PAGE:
He suggested "bespoke regulation" including banning sales for under-18s and controls on how the devices are advertised.
Dr Vivienne Nathanson, the British Medical Association's director of professional activities, told the BBC that there was evidence that children were beginning to use e-cigarettes as a direct result of marketing campaigns.
"Rather like cigarettes in the 50s and 60s, we really need to look at [advertising] and, I believe, ban it, to stop them advertising in a way that attracts children," she said.
Professor John Ashton, president of the UK's Faculty of Public Health, agreed that the possibility that advertising might impact on children was a cause for concern.
E-cigarettes are currently not regulated as medicines in the UK, the Daily Telegraph notes, but Britain's drug watchdog the MHRA wants to introduce new controls by 2016.
Are e-cigarettes bad for you? Doctors urge new controls
More research into the potential risks of e-cigarettes is needed, experts have said, after a new study found that nearly 30 million people across Europe now use the battery-powered nicotine products.
A survey of 26,500 people across 27 European countries suggested that e-cigarettes have been tried by 20.3 per cent of current smokers, 4.7 per cent of ex-smokers and 1.2 per cent of people who never smoked. The study concludes that more than 29 million European adults have tried the products.
The rise in e-cigarette use has led to a "staggering" growth in new products; around ten new brands come to market every month, Reuters reports.
The study, published in the journal Tobacco Control, emphasised the need for more research into the effects of using electronic cigarettes.
"These findings underscore the need to evaluate the potential long-term impact of e-cigarette use on consumer health, cessation and nicotine addiction and formulate a European framework for e-cigarette regulation," the report concluded.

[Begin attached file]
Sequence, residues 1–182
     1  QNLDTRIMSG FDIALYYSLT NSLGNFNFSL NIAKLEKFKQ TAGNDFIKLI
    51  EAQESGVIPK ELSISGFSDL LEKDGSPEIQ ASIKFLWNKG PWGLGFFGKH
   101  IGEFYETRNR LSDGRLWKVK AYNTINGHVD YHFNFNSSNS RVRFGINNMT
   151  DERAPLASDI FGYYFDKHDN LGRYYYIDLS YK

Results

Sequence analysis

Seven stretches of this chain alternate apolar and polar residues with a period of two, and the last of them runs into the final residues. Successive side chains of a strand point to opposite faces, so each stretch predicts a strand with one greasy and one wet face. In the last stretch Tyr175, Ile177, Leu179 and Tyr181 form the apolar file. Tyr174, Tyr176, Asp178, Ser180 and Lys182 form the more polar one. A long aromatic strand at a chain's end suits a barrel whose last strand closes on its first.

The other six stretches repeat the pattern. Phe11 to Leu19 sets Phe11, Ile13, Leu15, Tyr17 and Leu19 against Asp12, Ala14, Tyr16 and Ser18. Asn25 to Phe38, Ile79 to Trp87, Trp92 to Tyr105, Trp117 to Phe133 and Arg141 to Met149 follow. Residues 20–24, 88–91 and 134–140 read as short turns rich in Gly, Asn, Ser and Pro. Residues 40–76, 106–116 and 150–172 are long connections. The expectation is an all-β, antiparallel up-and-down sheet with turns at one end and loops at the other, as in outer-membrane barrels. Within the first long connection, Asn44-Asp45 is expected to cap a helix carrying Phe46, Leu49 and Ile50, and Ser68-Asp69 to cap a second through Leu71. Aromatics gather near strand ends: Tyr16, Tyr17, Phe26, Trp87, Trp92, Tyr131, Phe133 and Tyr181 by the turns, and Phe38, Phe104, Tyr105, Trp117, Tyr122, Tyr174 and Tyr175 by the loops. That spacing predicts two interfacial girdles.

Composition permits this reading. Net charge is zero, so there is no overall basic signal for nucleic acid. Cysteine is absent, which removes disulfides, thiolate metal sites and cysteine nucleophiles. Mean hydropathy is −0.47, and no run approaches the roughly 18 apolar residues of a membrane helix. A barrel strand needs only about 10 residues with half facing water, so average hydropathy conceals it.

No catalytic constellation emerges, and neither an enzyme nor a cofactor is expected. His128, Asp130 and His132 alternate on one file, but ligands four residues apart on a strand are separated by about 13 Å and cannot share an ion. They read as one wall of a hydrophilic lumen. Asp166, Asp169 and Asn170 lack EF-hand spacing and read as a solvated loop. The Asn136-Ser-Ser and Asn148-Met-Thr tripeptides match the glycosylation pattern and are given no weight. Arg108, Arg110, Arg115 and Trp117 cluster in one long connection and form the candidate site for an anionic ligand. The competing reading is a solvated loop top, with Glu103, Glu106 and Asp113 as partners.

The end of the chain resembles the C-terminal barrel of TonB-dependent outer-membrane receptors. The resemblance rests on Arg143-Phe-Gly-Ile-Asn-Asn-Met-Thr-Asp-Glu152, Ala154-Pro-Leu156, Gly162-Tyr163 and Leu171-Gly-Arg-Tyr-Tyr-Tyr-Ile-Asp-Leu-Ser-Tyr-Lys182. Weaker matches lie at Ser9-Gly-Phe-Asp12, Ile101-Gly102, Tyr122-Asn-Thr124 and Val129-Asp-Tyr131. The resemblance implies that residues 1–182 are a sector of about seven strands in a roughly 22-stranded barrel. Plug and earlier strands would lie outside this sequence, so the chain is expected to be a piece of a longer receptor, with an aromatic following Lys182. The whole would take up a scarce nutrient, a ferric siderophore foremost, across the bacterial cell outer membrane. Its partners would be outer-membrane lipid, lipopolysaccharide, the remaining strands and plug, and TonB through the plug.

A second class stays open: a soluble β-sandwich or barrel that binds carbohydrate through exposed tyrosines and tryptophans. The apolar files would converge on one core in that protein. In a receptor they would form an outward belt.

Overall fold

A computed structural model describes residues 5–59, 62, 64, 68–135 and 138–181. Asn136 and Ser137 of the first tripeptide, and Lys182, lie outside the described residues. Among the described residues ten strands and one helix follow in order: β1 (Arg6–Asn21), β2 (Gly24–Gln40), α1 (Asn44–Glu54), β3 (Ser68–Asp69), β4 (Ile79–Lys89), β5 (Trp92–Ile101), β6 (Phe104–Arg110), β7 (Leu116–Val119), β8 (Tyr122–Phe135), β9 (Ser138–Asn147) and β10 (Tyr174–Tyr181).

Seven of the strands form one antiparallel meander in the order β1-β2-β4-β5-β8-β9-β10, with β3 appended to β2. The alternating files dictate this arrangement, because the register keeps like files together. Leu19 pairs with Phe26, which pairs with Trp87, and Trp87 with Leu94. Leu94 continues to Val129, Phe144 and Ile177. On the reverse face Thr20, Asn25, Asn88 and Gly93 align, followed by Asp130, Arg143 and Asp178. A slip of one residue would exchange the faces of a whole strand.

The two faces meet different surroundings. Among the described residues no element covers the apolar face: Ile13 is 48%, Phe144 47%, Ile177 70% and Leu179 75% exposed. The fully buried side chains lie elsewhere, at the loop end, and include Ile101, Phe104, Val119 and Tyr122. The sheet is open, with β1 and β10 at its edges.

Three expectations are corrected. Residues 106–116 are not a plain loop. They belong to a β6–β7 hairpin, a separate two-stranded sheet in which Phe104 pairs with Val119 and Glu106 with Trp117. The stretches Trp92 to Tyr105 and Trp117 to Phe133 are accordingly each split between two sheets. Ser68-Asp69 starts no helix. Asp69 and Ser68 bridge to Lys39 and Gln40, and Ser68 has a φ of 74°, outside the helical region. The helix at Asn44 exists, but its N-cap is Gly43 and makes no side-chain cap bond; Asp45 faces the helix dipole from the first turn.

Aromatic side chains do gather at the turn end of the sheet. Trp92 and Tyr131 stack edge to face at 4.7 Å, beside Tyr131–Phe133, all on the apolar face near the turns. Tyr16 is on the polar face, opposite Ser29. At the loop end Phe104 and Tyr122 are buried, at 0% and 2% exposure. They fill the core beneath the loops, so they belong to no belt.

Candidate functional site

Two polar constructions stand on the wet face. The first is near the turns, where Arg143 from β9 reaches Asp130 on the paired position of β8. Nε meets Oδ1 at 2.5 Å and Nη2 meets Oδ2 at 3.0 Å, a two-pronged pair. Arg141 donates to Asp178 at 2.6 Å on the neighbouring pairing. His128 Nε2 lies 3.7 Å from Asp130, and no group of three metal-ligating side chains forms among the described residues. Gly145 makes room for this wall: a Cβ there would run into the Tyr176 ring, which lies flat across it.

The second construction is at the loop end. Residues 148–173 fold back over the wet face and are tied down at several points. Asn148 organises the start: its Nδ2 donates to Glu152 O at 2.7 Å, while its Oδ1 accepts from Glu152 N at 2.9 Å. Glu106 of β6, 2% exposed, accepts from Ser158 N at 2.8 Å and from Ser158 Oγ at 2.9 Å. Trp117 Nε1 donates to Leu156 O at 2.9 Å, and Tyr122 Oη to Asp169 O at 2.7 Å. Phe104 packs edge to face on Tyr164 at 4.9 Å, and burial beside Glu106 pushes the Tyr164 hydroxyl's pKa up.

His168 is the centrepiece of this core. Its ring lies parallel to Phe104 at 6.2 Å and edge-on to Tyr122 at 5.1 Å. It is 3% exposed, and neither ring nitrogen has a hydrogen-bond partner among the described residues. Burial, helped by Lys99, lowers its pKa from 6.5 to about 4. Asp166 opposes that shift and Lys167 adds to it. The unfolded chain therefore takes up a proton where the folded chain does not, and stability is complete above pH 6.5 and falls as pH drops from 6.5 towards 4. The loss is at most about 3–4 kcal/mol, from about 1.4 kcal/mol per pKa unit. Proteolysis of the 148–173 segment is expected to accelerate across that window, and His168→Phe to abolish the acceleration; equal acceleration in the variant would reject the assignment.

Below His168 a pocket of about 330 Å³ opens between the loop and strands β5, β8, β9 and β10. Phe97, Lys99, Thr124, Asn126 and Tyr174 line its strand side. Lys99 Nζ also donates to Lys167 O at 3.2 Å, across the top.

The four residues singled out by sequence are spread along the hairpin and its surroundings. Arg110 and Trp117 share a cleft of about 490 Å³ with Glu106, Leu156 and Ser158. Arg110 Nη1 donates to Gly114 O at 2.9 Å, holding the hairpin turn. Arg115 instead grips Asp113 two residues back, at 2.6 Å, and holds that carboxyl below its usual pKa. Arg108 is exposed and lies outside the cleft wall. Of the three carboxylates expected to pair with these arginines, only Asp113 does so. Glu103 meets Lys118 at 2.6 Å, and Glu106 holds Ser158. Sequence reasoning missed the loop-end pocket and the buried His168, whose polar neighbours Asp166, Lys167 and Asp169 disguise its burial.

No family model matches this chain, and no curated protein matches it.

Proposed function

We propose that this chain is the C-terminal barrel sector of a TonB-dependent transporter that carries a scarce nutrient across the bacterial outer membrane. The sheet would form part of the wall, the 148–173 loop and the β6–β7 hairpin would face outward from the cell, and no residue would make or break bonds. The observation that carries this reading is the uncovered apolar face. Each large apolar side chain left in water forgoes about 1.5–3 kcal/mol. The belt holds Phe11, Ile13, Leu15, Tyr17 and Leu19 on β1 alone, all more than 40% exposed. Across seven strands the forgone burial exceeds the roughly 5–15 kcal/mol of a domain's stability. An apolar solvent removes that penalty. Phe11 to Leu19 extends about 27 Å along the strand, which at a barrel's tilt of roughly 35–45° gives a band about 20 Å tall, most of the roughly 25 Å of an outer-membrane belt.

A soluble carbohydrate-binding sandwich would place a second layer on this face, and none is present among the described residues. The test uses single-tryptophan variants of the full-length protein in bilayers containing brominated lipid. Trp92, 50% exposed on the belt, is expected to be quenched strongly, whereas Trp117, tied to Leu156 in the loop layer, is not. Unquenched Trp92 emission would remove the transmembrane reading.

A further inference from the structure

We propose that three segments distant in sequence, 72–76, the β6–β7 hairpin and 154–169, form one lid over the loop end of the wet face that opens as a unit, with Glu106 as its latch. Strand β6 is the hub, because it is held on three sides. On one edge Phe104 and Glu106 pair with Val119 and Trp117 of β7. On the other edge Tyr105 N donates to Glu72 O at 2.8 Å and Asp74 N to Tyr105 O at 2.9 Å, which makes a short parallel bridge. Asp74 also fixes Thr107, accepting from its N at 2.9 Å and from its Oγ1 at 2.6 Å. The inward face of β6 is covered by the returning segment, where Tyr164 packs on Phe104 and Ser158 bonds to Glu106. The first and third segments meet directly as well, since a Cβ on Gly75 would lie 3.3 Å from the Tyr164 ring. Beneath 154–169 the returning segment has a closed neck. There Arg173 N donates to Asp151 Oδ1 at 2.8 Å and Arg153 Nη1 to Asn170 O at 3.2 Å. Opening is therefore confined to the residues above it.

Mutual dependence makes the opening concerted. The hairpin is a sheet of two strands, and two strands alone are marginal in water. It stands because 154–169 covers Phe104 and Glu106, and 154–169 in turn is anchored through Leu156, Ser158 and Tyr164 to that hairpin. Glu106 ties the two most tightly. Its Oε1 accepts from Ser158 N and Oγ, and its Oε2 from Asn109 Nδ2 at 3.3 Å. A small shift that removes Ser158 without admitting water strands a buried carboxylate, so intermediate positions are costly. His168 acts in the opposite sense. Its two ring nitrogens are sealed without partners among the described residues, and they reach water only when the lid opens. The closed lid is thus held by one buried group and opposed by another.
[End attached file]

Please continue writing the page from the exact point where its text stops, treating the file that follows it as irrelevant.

The study was published as a group of doctors and health experts from around the globe urged the World Health Organisation (WHO) to enact new controls on e-cigarettes.
A letter to the director general of the WHO, Margaret Chan, recommended the same kind of regulation as tobacco products, with specific bans on how the devices are promoted and advertised.
The group wrote: "By moving to the e-cigarette market, the tobacco industry is only maintaining its predatory practices and increasing profits.
"Manufacturers of electronic nicotine delivery systems are making a range of false and unproven claims, misleading the public into thinking these products are harmless (they are not) and effective cessation aids (unknown)".
But the issue of how e-cigarettes should be regulated remains contentious. Last month 53 scientists urged the WHO not to impose bans on the new devices, suggesting that they may actually be beneficial to people's health.
"These products could be among the most significant health innovations of the 21st century – perhaps saving hundreds of millions of lives," they wrote. "The urge to control and suppress them as tobacco products should be resisted". ·